If the tire isn’t too badly damaged you may be able to fix it. If it went flat gradually, it’s probably a puncture that can be patched. How you patch a tire depends on whether it’s tube-type or tubeless. Many current bikes have tubeless tires that can be plugged from the outside. A few machines have spoked wheels that require the use of innertubes. A “blowout” on a tube-type tire is usually a tear in the innertube rather than a tire failure, which means you need to replace the tube.
The quickie approach just to get you to help is to squirt some sticky “inflato-goo” such as ThreeBond Seal ‘N’ Air inside the tube or tire through the inflation valve. The goo seals the leak and the propellant gradually inflates the tire to a modest pressure. The inflato-goo should be considered an emergency solution, since it makes any future repairs problematic. However, I have resorted to the puffo stuff after running out of other options. (Test bike, Sunday afternoon, bike shops closed, no plug kit on board, no centerstand, ferry to catch—you know the situation).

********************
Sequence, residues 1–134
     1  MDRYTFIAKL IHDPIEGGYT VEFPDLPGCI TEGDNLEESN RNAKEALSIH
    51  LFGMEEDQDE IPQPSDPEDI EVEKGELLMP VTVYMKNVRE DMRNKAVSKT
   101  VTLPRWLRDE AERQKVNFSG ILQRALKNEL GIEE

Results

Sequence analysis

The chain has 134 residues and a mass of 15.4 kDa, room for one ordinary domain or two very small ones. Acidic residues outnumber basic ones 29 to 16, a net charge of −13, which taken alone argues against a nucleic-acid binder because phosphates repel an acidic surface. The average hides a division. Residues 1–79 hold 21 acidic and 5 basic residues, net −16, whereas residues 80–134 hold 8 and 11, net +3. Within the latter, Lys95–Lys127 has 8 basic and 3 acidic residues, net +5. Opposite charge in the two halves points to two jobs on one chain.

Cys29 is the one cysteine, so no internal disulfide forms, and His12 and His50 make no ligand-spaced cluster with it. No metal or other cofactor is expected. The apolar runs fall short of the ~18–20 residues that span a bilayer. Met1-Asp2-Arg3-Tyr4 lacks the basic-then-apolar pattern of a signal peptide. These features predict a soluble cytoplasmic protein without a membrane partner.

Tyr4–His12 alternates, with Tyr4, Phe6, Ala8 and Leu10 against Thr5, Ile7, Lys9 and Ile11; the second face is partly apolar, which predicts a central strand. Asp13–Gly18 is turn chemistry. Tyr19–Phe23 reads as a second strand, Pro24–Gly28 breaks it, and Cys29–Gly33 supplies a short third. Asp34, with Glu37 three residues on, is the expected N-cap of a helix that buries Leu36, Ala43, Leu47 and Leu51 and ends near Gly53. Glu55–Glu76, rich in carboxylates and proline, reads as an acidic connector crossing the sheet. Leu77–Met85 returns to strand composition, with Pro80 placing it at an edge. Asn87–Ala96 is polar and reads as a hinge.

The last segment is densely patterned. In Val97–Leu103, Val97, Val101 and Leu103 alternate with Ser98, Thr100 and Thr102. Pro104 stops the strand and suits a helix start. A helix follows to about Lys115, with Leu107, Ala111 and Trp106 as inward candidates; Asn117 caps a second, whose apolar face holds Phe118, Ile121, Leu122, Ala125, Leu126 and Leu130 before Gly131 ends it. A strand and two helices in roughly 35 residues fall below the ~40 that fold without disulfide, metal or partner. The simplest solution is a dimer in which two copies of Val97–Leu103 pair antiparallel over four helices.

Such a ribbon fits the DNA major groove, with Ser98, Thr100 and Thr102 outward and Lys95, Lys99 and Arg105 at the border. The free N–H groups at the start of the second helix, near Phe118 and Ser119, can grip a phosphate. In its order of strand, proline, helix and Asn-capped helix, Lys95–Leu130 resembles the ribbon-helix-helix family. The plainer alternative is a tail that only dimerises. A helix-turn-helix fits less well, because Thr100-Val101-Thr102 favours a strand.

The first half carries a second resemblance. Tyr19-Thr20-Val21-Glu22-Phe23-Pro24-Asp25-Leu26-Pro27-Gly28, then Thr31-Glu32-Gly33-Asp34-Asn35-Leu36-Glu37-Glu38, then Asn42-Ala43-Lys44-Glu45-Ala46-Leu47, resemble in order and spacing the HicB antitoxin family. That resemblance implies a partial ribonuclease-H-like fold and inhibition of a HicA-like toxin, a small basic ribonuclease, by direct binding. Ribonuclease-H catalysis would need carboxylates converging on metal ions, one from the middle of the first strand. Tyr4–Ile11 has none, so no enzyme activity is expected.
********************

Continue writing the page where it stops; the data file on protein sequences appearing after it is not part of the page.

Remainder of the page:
Now, if you can actually patch a tire, the general rule of thumb is patch it if the nail is in the center of the tire, replace the tire if you get a nail on the sides.